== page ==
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We examine methods for constructing regression ensembles based on a linear program (LP). The ensemble regression function consists of linear combina tions of base hypotheses generated by some boostingtype base learning algorithm. Unlike the classification case, for regression the set of possible hypotheses producible by the base learning algorithm may be infinite. We explicitly tackle the issue of how to define and solve ensemble regression when the hypothesis space is infinite. Our approach is based on a semiinfinite linear program that has an infinite number of constraints and a finite number of variables. We show that the regression problem is well posed for infinite hypothesis spaces in both the primal and dual spaces. Most importantly, we prove there exists an optimal solution to the infinite hypothesisspace problem consisting of a finite number of hypothesis. We propose two algorithms for solving the infinite and finite hypothesis problems. One uses a column generation simplextype algorithm and the other adopts an exponential barrier approach. Furthermore, we give sufficient conditions for the base learning algorithm and the hypothesis set to be used for infinite regression ensembles. Computational resultsshow that these methods are extremely promising.
SVM and Boosting: One Class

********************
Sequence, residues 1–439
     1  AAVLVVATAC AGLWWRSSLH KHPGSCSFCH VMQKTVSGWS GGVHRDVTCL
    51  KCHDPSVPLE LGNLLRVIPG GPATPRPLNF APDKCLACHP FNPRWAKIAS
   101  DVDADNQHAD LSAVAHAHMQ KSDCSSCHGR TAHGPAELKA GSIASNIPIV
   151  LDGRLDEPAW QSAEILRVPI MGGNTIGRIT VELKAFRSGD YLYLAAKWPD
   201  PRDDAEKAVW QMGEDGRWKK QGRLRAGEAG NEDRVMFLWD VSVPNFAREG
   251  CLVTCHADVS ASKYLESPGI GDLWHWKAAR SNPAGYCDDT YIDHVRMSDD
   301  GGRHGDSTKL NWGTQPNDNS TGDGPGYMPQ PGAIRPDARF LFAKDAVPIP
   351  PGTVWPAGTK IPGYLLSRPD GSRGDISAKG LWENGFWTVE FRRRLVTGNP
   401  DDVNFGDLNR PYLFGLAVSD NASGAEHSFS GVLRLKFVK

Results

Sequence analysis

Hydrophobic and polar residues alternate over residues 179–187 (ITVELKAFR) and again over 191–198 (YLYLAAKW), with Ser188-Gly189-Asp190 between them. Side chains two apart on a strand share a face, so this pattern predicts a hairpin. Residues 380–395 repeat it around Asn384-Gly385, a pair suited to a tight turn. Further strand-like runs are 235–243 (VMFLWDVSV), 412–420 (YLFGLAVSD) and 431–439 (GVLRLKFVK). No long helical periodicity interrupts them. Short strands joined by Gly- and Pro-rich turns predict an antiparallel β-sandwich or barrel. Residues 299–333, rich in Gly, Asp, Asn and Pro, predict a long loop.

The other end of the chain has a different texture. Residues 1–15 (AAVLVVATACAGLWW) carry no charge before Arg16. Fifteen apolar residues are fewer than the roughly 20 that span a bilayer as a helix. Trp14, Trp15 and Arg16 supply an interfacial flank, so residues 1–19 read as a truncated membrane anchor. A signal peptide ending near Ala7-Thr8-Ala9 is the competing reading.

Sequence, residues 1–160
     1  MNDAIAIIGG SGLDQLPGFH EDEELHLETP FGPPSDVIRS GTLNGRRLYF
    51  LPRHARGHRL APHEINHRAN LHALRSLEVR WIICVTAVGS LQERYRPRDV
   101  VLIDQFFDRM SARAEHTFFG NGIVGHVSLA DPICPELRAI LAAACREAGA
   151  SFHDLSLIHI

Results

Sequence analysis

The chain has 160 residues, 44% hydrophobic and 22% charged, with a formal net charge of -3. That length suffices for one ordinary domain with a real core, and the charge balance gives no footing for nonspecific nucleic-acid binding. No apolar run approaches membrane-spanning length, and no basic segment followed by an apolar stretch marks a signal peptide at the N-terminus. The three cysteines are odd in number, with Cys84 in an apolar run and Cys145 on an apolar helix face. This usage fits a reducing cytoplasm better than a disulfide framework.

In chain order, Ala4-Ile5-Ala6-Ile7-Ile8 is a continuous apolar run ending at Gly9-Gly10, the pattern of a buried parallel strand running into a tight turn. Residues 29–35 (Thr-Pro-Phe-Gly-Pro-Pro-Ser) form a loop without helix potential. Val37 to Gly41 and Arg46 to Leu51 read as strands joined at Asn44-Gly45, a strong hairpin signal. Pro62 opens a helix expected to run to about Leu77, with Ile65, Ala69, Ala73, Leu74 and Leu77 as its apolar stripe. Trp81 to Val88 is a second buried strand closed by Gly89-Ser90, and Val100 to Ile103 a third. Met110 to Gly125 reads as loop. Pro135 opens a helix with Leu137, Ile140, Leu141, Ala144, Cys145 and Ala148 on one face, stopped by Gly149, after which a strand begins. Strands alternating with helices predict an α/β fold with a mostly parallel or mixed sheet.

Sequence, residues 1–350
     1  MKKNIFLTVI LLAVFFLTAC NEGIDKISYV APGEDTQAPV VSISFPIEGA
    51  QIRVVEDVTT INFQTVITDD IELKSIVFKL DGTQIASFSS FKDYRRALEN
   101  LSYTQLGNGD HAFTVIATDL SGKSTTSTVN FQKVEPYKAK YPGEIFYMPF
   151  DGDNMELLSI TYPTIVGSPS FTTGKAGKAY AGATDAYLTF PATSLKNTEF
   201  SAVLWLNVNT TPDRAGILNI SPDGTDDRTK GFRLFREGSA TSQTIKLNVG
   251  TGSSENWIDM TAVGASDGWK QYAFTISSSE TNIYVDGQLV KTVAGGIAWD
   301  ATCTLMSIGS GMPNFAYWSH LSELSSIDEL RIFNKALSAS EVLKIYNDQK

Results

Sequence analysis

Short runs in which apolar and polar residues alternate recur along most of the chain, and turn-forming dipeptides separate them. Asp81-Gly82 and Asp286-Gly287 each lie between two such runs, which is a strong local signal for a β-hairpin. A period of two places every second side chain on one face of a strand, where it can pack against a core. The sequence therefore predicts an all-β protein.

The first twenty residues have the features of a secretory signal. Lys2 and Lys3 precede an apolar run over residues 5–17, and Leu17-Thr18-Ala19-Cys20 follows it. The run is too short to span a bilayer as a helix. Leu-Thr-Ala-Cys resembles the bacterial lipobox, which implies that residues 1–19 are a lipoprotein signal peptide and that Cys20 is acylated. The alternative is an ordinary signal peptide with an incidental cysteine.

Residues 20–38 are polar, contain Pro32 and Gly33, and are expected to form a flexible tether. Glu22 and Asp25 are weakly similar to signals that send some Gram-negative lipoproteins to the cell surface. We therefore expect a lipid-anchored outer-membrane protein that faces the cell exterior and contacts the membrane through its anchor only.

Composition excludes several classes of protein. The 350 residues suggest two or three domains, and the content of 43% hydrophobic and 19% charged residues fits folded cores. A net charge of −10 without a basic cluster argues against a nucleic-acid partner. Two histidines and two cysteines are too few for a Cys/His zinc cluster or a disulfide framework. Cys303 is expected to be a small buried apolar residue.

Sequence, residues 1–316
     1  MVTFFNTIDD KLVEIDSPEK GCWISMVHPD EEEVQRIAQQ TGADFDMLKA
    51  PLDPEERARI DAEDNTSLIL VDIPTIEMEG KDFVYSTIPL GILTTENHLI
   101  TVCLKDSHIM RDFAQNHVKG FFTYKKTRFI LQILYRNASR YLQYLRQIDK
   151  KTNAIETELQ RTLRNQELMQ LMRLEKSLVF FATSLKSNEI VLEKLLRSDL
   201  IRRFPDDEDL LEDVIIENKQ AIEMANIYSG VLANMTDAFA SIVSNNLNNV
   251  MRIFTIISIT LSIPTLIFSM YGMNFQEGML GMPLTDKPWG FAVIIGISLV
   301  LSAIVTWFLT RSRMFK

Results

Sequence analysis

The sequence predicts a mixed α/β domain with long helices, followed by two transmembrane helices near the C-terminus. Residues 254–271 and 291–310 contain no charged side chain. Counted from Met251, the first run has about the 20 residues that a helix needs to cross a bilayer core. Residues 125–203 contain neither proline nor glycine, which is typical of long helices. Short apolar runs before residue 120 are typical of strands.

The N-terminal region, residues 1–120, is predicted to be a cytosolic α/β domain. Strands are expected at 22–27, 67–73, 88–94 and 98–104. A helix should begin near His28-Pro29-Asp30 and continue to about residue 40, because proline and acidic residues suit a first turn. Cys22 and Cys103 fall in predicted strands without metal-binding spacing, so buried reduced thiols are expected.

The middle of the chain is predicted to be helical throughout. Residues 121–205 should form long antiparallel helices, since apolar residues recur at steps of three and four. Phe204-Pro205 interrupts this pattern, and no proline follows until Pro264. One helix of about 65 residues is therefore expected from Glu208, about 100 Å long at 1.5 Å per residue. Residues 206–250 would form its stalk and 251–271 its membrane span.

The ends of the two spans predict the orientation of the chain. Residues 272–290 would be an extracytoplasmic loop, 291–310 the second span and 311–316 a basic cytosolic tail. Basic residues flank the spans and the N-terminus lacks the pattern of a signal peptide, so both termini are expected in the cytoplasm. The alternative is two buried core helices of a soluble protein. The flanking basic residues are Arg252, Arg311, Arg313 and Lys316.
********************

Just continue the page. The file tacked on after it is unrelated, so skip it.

"... We show via an equivalence of mathematical programs that a Support Vector (SV) algorithm can be translated into an equivalent boostinglike algorithm and vice versa. We exemplify this translation procedure for a new algorithm oneclass Leveraging starting from the oneclass Support Vector Machine ..."
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Cited by 6 (1 self)
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We show via an equivalence of mathematical programs that a Support Vector (SV) algorithm can be translated into an equivalent boostinglike algorithm and vice versa. We exemplify this translation procedure for a new algorithm oneclass Leveraging starting from the oneclass Support Vector Machines (1SVM) . This is a first step towards unsupervised learning in a Boosting framework.
Analysis Of Nonstationary Time Series By Mixtures Of SelfOrganizing Predictors
 In Proceedings of IEEE Neural Networks for Signal Processing Workshop
, 2000
"... . We present a method for the analysis of time series from drifting or switching dynamics. In extension to existing approaches that identify switches or drifts between stationary dynamical modes, the method allows to analyze even continuously varying dynamics and can identify mixtures of more than t ..."
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Cited by 2 (0 self)
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. We present a method for the analysis of time series from drifting or switching dynamics. In extension to existing approaches that identify switches or drifts between stationary dynamical modes, the method allows to analyze even continuously varying dynamics and can identify mixtures of more than two dynamical modes. The architecture is based on a mixture of selforganizing NadarayaWatson kernel estimators. The mixture model is trained by barrier optimization, a technique for constrained optimization problems. We apply the proposed method to artificially generated data and EEG recordings from the wake/sleep transition. INTRODUCTION Time series from alternating dynamics are ubiquitous in realworld systems like, for example, speech, climatological data, physiological recordings (EEG, MEG), and financial markets. It is therefore important to find methods that can deal with timevarying dynamical systems, which possibly might also be nonlinear. In [9, 14], we introduced the annealed ...